Regression Testing involves checking to see if any newly developed code has affected any existing code after any type of system maintenance occurs.

Grey-Box Testing

Gray-Box Testing involves using both forms of testing simultaneously in a non-intrusive manner. Non-intrusive testing means using extra hardware that can gather timing or processing information.

Through Gray-Box Testing, you are focusing on all layers of your complex computer system, and you will be able to see context-specific issues that correlate to every web system.

 

Why is Implementing an IT Security Risk Assessment and a Penetration Test Essential?

An IT Security Risk Assessment and a Penetration Test can help assess your company’s security risks and test your IT infrastructure.

Let’s take a deeper look at why implementing an IT Security Risk Assessment and a Penetration Test are important.

Identifies Critical Security Vulnerabilities

Both an IT Security Risk Assessment and Penetration Test can help your business assess its vulnerabilities before cyber attackers do. Learning what security gaps, risks, and assets your company has will help your company understand what security measures need to be put in place moving forward.

Some vulnerabilities include applications that need to be security patched or systems that need to be hardened with encryptions. 

Assesses The Damage

A Penetration Test can help your company recognize the potential damage a successful attack would look like on your IT infrastructure.

Penetration testing provides a real-world overview of exactly what data can be accessed if your organization’s network went through a data breach. Through this testing process, you’ll be more aware of vulnerabilities that cannot be detected during an IT Security Risk Assessment—for example, figuring out whether sensitive information can be accessed while in transit.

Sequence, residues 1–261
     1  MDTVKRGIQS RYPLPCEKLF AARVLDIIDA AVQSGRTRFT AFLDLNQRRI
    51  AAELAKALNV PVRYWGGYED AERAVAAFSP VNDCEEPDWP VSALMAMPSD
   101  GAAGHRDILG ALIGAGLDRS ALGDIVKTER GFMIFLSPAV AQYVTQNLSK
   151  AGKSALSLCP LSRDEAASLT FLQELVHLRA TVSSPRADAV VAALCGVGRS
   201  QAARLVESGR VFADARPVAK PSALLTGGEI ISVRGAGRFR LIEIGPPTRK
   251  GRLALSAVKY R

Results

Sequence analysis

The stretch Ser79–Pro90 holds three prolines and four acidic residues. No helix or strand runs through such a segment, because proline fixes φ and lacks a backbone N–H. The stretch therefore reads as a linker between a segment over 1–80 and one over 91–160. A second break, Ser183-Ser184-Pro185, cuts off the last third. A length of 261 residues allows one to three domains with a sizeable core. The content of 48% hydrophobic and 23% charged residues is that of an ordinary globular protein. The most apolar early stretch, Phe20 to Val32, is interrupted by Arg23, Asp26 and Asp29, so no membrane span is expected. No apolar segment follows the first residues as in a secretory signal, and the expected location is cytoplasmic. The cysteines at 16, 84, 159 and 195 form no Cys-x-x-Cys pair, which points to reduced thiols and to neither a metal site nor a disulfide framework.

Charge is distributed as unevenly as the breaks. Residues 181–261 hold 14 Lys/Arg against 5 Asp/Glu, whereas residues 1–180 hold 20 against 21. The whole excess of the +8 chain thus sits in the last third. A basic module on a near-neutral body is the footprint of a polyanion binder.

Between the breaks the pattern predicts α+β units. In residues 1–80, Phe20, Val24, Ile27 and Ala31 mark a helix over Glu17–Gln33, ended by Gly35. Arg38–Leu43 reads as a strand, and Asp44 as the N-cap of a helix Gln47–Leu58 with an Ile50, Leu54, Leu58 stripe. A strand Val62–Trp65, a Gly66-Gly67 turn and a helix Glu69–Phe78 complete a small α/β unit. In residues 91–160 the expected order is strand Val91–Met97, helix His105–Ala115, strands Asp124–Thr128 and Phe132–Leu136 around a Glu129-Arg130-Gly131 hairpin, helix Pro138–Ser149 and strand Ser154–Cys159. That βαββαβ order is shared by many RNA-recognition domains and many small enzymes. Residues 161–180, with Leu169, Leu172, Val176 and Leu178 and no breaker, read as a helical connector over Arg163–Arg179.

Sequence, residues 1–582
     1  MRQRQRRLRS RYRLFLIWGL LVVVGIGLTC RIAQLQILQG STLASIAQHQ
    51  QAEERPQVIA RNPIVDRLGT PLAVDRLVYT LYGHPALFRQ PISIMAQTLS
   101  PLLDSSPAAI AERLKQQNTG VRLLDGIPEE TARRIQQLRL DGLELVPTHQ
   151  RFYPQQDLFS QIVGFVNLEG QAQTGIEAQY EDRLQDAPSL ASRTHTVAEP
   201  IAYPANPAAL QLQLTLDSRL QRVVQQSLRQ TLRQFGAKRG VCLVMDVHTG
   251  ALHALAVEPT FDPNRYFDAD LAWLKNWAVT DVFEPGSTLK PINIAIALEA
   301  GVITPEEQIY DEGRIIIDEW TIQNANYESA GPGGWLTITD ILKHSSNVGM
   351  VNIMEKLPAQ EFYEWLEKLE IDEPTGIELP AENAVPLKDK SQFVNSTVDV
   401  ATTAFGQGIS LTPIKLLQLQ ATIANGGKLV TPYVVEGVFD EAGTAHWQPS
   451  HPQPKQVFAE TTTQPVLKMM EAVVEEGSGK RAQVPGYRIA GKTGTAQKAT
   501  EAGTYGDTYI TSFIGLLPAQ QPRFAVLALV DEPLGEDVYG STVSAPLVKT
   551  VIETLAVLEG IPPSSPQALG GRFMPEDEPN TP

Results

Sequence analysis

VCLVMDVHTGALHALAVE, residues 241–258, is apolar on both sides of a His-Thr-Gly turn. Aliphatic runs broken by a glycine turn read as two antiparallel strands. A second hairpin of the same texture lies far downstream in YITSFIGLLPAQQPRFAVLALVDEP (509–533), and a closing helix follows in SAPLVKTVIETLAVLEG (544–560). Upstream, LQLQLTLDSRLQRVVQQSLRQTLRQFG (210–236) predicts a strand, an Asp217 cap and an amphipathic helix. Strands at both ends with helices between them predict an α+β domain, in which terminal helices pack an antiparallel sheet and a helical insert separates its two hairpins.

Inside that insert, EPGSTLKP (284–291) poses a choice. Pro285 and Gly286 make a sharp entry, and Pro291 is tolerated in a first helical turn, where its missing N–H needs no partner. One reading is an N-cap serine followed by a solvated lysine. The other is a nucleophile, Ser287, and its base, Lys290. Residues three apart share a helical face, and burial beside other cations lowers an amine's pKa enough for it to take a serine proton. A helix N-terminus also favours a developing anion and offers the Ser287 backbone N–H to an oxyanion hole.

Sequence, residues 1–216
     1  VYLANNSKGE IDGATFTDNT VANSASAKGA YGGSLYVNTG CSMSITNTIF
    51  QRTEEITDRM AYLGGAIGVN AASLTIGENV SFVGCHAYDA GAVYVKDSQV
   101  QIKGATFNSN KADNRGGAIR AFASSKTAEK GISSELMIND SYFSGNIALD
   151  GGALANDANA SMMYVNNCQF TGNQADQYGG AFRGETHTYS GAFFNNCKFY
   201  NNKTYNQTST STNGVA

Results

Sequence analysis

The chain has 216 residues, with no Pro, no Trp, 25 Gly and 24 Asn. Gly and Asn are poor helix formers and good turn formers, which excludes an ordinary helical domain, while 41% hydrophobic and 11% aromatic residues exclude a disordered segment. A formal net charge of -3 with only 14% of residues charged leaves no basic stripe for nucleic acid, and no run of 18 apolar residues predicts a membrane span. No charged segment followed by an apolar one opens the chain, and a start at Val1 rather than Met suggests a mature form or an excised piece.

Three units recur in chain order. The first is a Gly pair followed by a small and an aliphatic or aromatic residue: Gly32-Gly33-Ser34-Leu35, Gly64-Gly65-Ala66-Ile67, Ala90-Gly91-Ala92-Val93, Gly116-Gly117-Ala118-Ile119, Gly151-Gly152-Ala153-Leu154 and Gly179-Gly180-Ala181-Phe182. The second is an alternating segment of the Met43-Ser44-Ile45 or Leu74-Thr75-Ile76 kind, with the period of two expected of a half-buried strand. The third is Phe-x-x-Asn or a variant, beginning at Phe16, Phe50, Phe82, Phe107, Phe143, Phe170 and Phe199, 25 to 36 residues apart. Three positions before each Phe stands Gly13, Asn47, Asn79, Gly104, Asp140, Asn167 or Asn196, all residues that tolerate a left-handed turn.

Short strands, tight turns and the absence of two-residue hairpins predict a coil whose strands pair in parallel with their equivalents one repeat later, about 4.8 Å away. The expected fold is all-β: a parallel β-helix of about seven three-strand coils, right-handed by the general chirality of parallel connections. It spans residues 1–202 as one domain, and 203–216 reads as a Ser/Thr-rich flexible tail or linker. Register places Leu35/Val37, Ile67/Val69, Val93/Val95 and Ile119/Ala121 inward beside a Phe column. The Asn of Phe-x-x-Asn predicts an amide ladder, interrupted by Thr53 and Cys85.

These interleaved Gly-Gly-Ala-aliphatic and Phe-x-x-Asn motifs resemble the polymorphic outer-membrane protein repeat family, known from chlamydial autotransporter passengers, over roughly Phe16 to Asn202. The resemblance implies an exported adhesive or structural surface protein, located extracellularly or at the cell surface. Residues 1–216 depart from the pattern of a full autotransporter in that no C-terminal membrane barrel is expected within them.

Penetration testing gives your organization a leg up on what could happen when faced with a threat and can ultimately save you a lot of stress and money in the long-run.

 

Which is Right For You?

What_is_an_IT_Security_Risk_Assessment_and_Penetration_Test-04We covered what an IT Security Risk Assessment and a Penetration Test is. We also went over how both can benefit your company.

At this point, you may be wondering -  does my company need one of them or both? The truth is, every company can benefit from being over-prepared when it comes to securing their IT infrastructure. 

Both an IT Security Risk Assessment and a Penetration Test can help secure your company’s IT infrastructure. Depending on your security goals and needs, your company might only need one or the other.

 

How Can LDI Help Your Company?

At LDI, our Managed IT department can help you understand what is necessary for your company and what to expect from receiving an assessment. Once we assess your current security posture, our Managed IT department will set your company up with the proper security foundation to properly secure your IT infrastructure.

By setting you up with a free IT Security Risk Assessment, your company will be able to effectively identify your existing security gaps and gauge whether you need more information with a Penetration Test.

Contact us to help you secure your network and computer system today through a one-on-one consultation! If you're interested in assessing your current security posture, find out more through the link below!

Assess Your Network with LDI CONNECT!

 

 


Angela Cook
Angela Cook

As a Content Manager at LDI, Angela Cook works closely with Subject Matter Experts to craft content that widely focuses on how technology can provide key advantages to various businesses.

Topics: Managed IT, Cybersecurity, Network Security, Penetration Test, Security Strategy, IT Security Risk Assessment